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Re: Internal definitions as a combination of LETREC's and LET*'s.
In article <41415@linus.UUCP> ramsdell@linus.UUCP (John D. Ramsdell) writes:
>Yet at top level, it is okay to define values in terms of other
>definitions. An obvious way of making internal definitions behave
>more like top level definitions, is to specify the order in which the
>init bodies are evaluated. I call this interpretation internal
>definitions as a combination of LETREC's and LET*'s; a definition
>becomes equivalent to the following combinations of LET's and SET!'s:
> (DEFINE <var-0> <init-0>)
> (DEFINE <var-n> <init-n>)
>(LET ((<var-0> <undefined>)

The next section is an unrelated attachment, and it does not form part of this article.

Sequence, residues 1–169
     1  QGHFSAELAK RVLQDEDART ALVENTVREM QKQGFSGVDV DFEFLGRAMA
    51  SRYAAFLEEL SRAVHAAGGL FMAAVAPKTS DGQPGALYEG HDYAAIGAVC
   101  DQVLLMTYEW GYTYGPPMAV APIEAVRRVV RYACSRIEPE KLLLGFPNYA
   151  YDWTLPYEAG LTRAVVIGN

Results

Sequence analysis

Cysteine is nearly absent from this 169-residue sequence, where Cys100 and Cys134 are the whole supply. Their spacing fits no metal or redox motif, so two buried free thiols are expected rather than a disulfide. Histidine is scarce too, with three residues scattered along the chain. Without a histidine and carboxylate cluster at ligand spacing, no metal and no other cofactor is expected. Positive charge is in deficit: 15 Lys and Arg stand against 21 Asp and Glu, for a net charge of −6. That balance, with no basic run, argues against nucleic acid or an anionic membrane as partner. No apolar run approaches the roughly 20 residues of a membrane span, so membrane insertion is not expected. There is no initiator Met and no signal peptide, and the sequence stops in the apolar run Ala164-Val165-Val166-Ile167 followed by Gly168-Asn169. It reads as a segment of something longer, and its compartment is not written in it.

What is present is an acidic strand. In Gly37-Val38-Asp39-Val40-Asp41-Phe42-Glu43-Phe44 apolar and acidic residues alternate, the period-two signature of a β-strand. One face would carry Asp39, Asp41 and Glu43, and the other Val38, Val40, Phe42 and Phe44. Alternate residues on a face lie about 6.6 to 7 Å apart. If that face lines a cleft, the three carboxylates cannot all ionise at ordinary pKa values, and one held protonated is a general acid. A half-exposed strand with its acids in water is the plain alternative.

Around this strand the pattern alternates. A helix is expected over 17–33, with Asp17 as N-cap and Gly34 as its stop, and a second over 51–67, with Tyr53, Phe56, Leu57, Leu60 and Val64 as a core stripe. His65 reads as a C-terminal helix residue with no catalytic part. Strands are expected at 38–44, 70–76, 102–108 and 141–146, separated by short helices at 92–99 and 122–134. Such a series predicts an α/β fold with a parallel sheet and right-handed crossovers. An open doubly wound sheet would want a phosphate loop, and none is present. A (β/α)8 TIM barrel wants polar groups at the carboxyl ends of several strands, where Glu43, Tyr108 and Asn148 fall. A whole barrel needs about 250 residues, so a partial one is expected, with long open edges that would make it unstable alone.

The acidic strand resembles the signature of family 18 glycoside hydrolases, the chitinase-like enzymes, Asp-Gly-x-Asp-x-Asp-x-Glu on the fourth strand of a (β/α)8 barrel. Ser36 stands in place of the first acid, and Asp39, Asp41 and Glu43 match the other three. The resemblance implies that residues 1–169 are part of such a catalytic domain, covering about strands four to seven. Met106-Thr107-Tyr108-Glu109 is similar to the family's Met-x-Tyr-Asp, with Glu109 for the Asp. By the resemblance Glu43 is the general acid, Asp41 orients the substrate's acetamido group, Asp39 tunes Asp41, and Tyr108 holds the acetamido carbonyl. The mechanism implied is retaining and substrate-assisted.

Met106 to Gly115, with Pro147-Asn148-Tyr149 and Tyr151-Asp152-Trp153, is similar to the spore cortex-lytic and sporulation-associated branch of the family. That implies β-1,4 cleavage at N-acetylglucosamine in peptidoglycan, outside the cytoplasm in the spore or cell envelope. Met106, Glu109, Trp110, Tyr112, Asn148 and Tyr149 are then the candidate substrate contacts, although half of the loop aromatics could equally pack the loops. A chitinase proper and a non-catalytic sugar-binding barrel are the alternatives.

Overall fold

> (<var-n> <undefined>))
> (SET! <var-0> <init-0>) ; init's must be evaluated
> ... ; in the order presented.
> (SET! <var-n> <init-n>)
Here's one possible problem, at least with the suggested expansion:
(define x 5)
(define y x)
(define x 'any)
Then wouldn't the result be unspecified, even though the intuitive
answer is 5?
-- Brad Pierce
P.S. Something else I'm curious about...
Also, is one allowed to declare the same identifier more than once in the same
lambda closure in official Scheme? The Scheme I am currently using doesn't give
an error message when I try to do this: ((lambda (x x) x) 1 2)
And is it officially legal to "define" something more than once at top level.
The reason that I ask is that the expansion looks a little shaky in the case
that one would re"define" an identifier in such a clause.